Art is often a gateway for processing the complexities of life. It offers insight into lives and perspectives both familiar and foreign. However, how much do we truly learn about the artist from the things they leave behind? This is one of several questions explored in Sofia Bohdanowicz’s sparse, but effective, MS Slavic 7.

In her latest film Bohdanowicz uses her alter ego Audrey Benac (co-director Deragh Campbell who also gives a sensational turn this year in Anne at 13,000 ft) to explore the significance of correspondence of two famed Polish poets. One of which is Zofia Bohdanowiczowa — Bohdanowicz’s great-grandmother — who was displaced after World War II and ended up in Toronto. Zofia wrote several letters to fellow poet Józef Wittlin, who landed in New York, which touched on everything from the sense of isolation their situation caused to the nature of creativity.

The bulk of the film follows Audrey as she travels to Harvard, the title refers to the library catalogue the letters are in, to conduct research on the correspondence and gain greater insight into Zofia’s legacy. As Zofia’s literary executor, Audrey toys with the idea of curating the letters into some sort of exhibit. A concept that does not sit well with her aunt (Elizabeth Rucker) who seems determined to stifle every idea Audrey has.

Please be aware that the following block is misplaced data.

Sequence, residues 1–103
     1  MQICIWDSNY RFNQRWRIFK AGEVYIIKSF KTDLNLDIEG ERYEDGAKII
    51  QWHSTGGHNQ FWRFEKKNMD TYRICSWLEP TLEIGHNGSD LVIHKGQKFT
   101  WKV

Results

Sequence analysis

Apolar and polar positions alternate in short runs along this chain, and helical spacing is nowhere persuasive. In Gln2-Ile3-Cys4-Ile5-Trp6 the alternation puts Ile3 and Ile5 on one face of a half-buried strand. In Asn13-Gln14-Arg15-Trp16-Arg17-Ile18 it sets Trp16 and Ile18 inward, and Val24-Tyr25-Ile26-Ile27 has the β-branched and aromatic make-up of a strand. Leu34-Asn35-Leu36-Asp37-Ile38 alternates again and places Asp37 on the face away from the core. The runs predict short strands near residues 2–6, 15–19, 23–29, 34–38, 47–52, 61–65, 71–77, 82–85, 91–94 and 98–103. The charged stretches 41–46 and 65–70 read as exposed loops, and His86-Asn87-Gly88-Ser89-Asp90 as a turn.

MS Slavic 7

Navigating family and language barriers, Audrey’s quest to find meaning in the letters proves to be a far more challenging endeavour than she initially anticipates.

Similar to its protagonist, one does not find a lot of answers in MS Slavic 7. The film’s sparse and repetitious nature leaves little room for deep fact finding. However, in its pondering of family and the importance of the letters, the film proves to be quite captivating.

MS Slavic 7 is a work of art that one absorbs and meditates on. Bohdanowicz plays with the cinematic medium in ways that subvert typical conventions. Rather than having Audrey and others read countless letters aloud, Bohdanowicz displays select sentences on screen and lets the sounds of Audrey turning pages and scribbling in a book fill the room. She examines envelopes with the same linger patience of an archeologist at an excavation site. When the audience finally gets to hear one of the letters in full it comes after a rather humorous and unexpected moment.

How much Audrey, and by extension Bohdanowicz, learns about Zofia is questionable. However, that is the point. The film challenges one to ponder the nature of connection and correspondence. Can we ever truly know someone through mere fragments of their life? MS Slavic 7 is content with creatively posing the questions, wisely leaving it up to viewers to decipher what it all means.

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